Buy: Robert Woods as a great end-of-the-bench wide receiver stash. He isn’t getting enough targets to be a weekly play, but the upside is there.
Sell: Any notion of Marlon Brown as a consistent producer. He may score 6-8 TD on the season, but in the games he doesn’t hit paydirt, his value is almost non-existent.
Hold: Ray Rice played his normal snap count but wasn’t used much. This was entirely a game flow issue as Baltimore backs totaled only 10 touches. He came out of the game healthy and expects a full workload next week in Miami.
Browns 17, Bengals 6
A.J. Green has had three consecutive games with 51 or fewer yards. Despite a big Week 1 and managing a touchdown in Week 3, his owners are probably feeling a little disappointed. Playing Ike Taylor and Joe Haden hasn’t helped; things won’t be much better against the Patriots next week (aside from one big play late, Aqib Talib shut down Julio Jones Sunday night). The matchups get much easier going forward, so be patient.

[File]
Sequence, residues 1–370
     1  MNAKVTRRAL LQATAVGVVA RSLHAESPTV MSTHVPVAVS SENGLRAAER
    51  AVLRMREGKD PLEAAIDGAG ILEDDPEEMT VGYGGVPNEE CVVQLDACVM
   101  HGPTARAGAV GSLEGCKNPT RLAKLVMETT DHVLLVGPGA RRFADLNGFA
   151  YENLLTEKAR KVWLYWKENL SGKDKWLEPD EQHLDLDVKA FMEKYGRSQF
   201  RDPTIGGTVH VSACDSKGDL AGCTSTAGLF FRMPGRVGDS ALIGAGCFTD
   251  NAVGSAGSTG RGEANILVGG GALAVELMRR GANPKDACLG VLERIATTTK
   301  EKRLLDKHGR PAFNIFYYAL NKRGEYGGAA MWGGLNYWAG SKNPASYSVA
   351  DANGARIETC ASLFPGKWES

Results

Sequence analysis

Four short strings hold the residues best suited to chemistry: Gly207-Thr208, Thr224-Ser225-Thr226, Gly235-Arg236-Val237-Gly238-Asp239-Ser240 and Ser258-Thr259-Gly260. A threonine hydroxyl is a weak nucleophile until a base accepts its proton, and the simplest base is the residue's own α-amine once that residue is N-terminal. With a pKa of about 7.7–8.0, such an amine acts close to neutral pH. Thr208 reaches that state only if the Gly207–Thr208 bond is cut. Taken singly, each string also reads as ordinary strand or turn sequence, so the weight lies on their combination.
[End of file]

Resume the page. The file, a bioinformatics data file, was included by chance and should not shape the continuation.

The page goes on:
In Bengals running back news, Giovani Bernard led the touches battle 16 to six over BenJarvus Green-Ellis. BJGE, who is averaging under 2.8 yards per carry, has not looked good, while Bernard has been electric. This is not a fluke kids, it is reality for potentially the rest of 2013.
Brian Hoyer had a nice game against a solid, if banged up, defense. As long as Hoyer is playing at, or near, this level, Jordan Cameron and Josh Gordon will be strong weekly plays. Cameron is locked in as a top-five option with upside for much more.
Buy: The youngsters. Giovani Bernard, Josh Gordon, and Jordan Cameron should all be in your lineup.